Retirement Tips In A Down Economy

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Joel Johnson, a certified financial planner, provides some tips on what you should do to make sure you have a comfortable retirement in today’s tough economy.

  1. Delay Social Security benefits: Even if they’re not fully taxable, Social Security benefits are fully counted as income in determining your eligibility for subsidies. That means that you may want to delay taking them until at least age 65 since they grow at about 8 percent a year. Where else can you get that kind of a return without taking risk?
  2. Delay withdrawals from taxable retirement accounts: Taxable withdrawals from your 401(k) will also reduce your subsidies. Try to delay dipping into these as long as possible.
  3. Contribute or convert to Roth accounts: If you want to be able to tap into your retirement accounts, you may want to see if it’s worth contributing to a Roth IRA or a Roth 401(k), or converting existing pre-tax balances to a Roth. That’s because qualified distributions from a Roth account are not included in your modified adjusted gross income. Just be aware that withdrawals from a converted Roth IRA may be subject to a 10 percent penalty if taken within the first five years of conversion.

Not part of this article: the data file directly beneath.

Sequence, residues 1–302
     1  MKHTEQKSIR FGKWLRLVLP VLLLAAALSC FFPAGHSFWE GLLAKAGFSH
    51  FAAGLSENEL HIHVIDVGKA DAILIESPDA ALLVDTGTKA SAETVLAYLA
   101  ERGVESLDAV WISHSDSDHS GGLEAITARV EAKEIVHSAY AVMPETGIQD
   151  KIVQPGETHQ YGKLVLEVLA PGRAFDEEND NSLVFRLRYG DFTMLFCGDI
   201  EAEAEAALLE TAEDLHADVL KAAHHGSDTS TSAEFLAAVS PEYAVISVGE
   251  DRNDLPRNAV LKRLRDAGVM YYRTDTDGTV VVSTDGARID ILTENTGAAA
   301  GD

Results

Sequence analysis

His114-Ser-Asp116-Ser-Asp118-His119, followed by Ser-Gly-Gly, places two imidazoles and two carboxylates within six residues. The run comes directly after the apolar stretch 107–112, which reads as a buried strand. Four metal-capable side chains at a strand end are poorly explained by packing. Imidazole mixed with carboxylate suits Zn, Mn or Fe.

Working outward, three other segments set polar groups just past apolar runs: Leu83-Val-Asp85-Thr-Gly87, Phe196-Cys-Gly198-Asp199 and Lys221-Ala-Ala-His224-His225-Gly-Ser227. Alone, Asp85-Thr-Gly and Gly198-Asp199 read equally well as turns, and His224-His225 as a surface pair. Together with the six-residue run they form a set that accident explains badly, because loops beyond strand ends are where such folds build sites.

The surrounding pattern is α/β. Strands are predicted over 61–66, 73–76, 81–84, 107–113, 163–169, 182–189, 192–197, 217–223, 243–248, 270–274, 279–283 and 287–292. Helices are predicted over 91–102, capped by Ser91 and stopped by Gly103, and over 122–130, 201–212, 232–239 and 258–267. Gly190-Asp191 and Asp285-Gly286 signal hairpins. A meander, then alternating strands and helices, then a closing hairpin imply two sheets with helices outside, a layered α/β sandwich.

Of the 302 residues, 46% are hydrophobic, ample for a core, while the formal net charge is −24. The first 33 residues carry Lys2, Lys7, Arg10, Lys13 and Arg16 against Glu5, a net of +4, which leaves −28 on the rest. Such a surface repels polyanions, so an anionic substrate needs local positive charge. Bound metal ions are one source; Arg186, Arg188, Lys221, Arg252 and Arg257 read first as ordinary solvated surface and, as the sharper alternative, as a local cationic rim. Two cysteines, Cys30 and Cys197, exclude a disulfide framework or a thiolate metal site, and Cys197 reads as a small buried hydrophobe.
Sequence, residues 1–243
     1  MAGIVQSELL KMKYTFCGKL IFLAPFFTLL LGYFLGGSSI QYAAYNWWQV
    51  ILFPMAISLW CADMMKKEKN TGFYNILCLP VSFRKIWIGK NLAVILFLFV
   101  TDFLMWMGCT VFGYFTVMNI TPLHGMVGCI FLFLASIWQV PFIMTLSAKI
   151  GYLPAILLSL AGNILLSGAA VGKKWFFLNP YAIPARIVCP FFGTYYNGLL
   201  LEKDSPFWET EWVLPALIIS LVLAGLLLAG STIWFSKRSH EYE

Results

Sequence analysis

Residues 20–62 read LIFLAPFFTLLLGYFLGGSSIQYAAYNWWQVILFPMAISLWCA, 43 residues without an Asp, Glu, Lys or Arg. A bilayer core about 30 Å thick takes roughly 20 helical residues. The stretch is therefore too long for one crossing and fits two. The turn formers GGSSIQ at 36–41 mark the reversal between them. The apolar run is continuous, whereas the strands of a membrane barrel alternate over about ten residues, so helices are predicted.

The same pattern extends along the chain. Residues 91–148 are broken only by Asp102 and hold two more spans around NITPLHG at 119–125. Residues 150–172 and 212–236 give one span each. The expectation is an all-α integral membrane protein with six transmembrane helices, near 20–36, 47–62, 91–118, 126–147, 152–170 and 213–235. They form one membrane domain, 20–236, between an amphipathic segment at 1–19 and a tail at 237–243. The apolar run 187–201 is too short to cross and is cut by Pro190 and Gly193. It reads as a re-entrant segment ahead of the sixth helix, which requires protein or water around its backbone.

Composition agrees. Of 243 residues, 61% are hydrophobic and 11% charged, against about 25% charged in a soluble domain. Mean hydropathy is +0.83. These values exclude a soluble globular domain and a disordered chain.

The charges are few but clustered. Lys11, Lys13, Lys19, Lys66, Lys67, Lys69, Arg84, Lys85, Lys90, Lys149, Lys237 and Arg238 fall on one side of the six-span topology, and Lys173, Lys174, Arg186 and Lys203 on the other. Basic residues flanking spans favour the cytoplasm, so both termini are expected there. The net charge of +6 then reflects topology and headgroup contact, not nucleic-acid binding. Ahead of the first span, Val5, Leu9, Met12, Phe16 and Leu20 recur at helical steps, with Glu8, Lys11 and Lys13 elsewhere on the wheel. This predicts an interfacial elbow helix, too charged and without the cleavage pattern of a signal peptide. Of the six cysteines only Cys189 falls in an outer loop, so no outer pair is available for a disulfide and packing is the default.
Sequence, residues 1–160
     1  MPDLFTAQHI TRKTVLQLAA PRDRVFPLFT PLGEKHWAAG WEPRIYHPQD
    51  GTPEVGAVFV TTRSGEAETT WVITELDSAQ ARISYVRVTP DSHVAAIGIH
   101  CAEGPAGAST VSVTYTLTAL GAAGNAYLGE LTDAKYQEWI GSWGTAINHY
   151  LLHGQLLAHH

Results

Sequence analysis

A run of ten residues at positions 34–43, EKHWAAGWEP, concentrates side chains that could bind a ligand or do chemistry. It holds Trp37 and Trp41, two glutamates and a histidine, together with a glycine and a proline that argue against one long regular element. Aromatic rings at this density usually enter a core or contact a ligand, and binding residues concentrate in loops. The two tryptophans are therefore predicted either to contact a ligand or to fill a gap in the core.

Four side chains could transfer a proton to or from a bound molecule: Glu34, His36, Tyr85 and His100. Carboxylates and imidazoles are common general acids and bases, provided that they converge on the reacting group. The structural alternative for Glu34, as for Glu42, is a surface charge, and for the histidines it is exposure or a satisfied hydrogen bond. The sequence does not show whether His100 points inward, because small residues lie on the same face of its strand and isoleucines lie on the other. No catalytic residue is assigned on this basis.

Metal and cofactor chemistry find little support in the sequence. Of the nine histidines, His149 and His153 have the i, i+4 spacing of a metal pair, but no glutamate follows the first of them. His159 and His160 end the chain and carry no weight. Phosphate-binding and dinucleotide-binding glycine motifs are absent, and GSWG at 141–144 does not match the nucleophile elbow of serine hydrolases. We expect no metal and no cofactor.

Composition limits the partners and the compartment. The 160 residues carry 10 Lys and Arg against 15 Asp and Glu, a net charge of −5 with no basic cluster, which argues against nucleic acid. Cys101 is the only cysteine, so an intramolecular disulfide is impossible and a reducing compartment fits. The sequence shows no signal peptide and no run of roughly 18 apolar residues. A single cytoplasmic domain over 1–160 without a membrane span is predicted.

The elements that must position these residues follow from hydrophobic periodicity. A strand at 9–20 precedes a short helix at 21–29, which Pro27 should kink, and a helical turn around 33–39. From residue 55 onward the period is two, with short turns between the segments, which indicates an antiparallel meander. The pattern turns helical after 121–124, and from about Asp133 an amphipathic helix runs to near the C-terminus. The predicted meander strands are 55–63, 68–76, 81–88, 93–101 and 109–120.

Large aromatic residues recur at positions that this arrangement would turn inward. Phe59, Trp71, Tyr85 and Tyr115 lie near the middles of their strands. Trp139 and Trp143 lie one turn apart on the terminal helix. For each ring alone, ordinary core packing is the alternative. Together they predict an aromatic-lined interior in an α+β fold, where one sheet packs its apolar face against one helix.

4. Sell losses first: Capital gains are included in your modified adjusted gross income so try to sell losses for income first. This can also reduce your tax liability since you can deduct up to $3,000 a year in losses from your ordinary income taxes and carry the rest forward indefinitely. Just be sure to re-balance afterwards in order to maintain your asset allocation. You can do so within your retirement accounts to avoid creating more tax liability.
  5. Prioritize your retirement accounts for tax-efficient investing: You’ll want to be doing this anyway to minimize your tax liability, but it becomes even more important when taxable interest, dividends and capital gains can increase your health insurance premiums. Municipal bonds should be held in taxable accounts, but be aware that they are tax exempt interest does count in determining modified adjusted gross income, so you may want to switch to taxable bonds and keep them in your retirement accounts.

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